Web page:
A driver sees what appear to be squiggly lines in the right field of vision of her right eye.
A 43-year-old woman is concerned about an episode that occurred 3 weeks earlier. While she was driving, she saw what appeared to be squiggly lines out of the right side of her right eye. Blinking had no effect on the symptoms.
She parked at a highway rest stop, looked in the mirror, and saw no changes in the appearance of her eyes, eyelids, or face. She looked to the right and the left, but the squiggly lines remained in the right field of vision of her right eye. She could not determine whether she could see out of that side of her eye during the episode.
While the symptoms were occurring, she felt that the pizza she had brought with her smelled rotten. She threw it out but did not have the appetite to purchase additional food. She mentions this because she had taken a few bites of the pizza about an hour before the episode and had not noticed anything wrong with the smell or taste at that time. The visual symptoms resolved after about an hour without any intervention, and she continued driving.
She also mentions that this incident occurred while she was driving to another city by herself. She was very stressed about the trip because she does not typically drive long distances, and she was going to her company headquarters to make a presentation to her managers, which she had never done before.
The symptoms have not recurred during the 3 weeks between the episode and her office visit.
Medical and family history
The patient is nearsighted and has high cholesterol. She has opted not to take medication for hypercholesterolemia because she wants to manage it with dietary modification. Her gallbladder was removed because of gallstones 11 years earlier; she has not had any other serious gastrointestinal problems.
She had a bout of headaches for several years when she took oral contraceptives; some of the headaches were severe enough to warrant urgent care visits. She has not had headaches in at least 5 years.
Her family history includes asthma, depression, and migraine.
This well-nourished patient is in no acute distress. She is cooperative and oriented and has a normal speech pattern. Her skin appears normal.
She does not have facial asymmetry, and her extraocular movements are full and symmetrical. Her pupils are equal, round, and reactive to light, and she does not have papilledema. Her visual acuity is improved when she wears her corrective lenses. She does not have a visual field cut.
Motor, sensory, and reflex examinations are normal in all four extremities, and coordination and gait are normal.
Pulses are normal, and results of abdominal, cardiac, and respiratory examinations are normal.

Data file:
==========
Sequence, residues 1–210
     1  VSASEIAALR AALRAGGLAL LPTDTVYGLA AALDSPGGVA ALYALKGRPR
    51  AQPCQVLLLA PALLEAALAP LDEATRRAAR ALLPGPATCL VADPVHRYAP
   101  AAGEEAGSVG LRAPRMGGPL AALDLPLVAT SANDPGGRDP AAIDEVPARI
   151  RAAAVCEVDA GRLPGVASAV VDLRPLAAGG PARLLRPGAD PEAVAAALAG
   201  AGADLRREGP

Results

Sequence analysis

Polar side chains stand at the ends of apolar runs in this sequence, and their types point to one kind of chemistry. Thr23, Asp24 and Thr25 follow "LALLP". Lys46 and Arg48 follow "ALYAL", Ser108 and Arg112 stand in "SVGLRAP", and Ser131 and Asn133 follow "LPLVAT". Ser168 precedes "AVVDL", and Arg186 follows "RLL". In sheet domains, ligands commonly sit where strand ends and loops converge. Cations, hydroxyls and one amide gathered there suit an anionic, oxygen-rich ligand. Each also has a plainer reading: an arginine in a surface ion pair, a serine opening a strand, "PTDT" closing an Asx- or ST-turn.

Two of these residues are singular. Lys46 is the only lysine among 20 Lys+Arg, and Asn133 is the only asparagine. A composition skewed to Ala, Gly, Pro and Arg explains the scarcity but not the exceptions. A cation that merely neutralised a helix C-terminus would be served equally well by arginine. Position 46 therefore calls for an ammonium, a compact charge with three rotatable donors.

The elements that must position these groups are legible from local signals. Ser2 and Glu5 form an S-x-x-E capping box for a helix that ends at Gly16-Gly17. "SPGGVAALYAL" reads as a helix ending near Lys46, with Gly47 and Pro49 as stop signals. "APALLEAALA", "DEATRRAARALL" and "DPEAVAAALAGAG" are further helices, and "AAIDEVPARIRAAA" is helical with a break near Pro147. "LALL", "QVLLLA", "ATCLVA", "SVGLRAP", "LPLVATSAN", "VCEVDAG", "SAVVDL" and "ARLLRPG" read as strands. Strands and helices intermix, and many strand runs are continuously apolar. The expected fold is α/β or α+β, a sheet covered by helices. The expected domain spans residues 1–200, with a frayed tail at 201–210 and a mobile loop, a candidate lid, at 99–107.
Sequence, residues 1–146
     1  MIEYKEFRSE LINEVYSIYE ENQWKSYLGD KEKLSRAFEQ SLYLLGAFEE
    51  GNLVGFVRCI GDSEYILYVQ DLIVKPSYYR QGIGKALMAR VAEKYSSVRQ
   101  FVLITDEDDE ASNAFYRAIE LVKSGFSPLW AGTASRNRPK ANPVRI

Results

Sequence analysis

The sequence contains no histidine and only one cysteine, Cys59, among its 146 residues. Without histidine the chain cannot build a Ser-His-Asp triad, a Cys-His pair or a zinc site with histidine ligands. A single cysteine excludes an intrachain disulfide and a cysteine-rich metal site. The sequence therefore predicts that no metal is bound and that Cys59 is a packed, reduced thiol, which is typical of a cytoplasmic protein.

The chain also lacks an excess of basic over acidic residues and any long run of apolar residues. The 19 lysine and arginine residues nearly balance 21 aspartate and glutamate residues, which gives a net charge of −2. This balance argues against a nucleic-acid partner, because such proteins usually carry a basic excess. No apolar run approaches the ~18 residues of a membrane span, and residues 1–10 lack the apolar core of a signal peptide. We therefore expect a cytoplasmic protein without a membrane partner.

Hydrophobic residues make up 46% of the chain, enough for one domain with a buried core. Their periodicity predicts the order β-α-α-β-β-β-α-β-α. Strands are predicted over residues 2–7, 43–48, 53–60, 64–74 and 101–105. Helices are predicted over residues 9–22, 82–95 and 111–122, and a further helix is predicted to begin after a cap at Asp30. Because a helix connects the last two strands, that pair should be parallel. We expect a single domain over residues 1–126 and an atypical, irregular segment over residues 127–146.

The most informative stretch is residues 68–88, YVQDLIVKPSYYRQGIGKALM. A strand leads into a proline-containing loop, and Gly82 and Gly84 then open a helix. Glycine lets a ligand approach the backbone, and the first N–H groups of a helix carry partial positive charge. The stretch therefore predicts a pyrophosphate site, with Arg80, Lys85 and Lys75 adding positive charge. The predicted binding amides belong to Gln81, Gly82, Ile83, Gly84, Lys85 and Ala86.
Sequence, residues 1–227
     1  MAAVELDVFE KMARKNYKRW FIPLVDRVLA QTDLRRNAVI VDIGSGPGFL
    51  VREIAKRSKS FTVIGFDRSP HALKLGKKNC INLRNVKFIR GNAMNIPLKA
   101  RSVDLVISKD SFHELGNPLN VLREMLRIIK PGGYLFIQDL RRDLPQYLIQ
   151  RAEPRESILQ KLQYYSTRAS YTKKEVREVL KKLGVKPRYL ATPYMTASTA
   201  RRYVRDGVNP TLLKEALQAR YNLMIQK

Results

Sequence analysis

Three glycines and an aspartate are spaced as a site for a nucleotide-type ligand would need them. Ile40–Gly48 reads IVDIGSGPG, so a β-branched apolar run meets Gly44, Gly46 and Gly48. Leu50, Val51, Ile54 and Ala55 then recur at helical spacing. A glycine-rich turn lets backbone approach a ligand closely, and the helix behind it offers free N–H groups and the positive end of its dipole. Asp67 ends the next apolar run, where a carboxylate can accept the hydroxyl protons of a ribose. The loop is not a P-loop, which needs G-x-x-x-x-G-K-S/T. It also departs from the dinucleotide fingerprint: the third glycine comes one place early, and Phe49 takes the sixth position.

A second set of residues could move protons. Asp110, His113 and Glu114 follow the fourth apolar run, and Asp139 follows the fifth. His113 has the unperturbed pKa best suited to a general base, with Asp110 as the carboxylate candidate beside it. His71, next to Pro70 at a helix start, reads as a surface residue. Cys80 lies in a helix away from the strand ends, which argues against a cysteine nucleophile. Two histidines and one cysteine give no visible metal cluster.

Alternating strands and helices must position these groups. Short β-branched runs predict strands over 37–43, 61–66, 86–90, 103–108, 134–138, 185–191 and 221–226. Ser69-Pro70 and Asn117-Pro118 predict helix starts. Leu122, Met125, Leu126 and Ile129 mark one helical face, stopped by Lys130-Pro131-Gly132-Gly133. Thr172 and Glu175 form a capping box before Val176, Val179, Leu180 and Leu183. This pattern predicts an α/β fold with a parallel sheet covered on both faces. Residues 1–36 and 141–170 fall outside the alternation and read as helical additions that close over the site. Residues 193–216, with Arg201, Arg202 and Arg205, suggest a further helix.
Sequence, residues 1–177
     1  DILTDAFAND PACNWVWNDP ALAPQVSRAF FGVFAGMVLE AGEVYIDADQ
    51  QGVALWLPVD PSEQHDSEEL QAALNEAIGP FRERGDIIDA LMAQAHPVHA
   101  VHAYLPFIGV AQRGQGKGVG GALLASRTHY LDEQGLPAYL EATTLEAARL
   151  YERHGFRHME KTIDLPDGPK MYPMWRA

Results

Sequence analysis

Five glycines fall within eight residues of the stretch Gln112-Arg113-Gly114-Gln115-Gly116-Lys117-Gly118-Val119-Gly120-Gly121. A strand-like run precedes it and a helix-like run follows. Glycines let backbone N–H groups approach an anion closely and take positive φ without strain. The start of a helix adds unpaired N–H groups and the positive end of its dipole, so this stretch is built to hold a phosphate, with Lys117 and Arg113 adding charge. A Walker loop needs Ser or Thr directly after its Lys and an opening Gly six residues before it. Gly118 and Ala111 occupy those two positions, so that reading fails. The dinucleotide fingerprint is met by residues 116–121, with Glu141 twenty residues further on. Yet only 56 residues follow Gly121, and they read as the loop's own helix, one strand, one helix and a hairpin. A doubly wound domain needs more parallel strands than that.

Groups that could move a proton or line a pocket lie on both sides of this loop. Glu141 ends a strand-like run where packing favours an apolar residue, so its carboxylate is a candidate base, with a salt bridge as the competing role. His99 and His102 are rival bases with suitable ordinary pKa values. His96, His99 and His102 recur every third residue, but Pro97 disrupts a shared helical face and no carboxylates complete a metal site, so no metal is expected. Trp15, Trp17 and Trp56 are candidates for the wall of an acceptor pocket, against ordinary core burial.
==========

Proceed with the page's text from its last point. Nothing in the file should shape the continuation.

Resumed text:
The patient is sent for an ophthalmology consultation. The results of her eye examination are normal, without signs of glaucoma, retinal detachment, or vascular abnormalities.
Blood tests show unchanged elevated cholesterol levels.
Results of an electrocardiogram and a brain magnetic resonance angiogram (MRA) are normal.
DIAGNOSIS: ISOLATED MIGRAINE AURA
This patient eventually received a diagnosis of isolated migraine aura without headache.
She did not have a headache during the event, and her symptoms were concerning, which prompted an evaluation for transient ischemic attack (TIA), glaucoma, and retinal detachment. Although the results of the physical examination and ophthalmology evaluation were normal, there was still some concern about a TIA because a cerebrovascular event could have resolved without any residual effects. Her symptoms were not typical of TIA, however, since she complained of squiggly lines in her field of vision, rather than vision loss, and the visual symptoms involved only one eye.
She had no cardiac risk factors or findings, and a brain MRA was normal. Her history of headaches and family history of migraine both supported the diagnosis of migraine aura. This patient’s sense of disgust about her food could have been a symptom of a migraine or of a migraine prodrome. The event was likely an atypical migraine and was probably triggered by stress.
She was not treated with blood thinners for stroke prevention. While TIA was essentially ruled out as a cause of her symptoms, she was instructed to follow up with her doctor for regular yearly evaluations and to seek medical attention if her symptoms recurred. Because the event did not recur, she was not treated with migraine prophylaxis or given a prescription for abortive migraine therapy.
Migraine aura is uncommon but not rare. It is characterized by neurological symptoms, may precede or accompany a migraine, and may affect persons who have frequent migraines as well as those who experience migraines infrequently. In rare instances, a migraine aura can occur in the absence of other migraine symptoms.1
Studies suggest that spreading depression in the cerebral cortex occurs in association with migraine aura, and that the varying symptoms may be associated with correlating cerebral dysfunction. For example, a small study identified reduced blood oxygenation level–dependent functional magnetic resonance imaging signal response in patients who had vision loss during aura, but increased response in those who had positive visual symptoms, such as described in this case.2
• Migraine aura is a diagnosis of exclusion
• A person who has infrequent migraines can experience a migraine aura
• Exaggerated olfactory sensation or aversion to olfactory stimuli can be a symptom of a migraine during the prodromal, aura, or migraine phase
1. Shah DR, Dilwali S, Friedman DI. Current aura without headache. Curr Pain Headache Rep. 2018;22:77. doi: 10.1007/s11916-018-0725-1.
2. Arngrim N, Hougaard A, Ahmadi K, et al. Heterogenous migraine aura symptoms correlate with visual cortex functional magnetic resonance imaging responses. Ann Neurol. 2017;82:925-939. doi: 10.1002/ana.25096.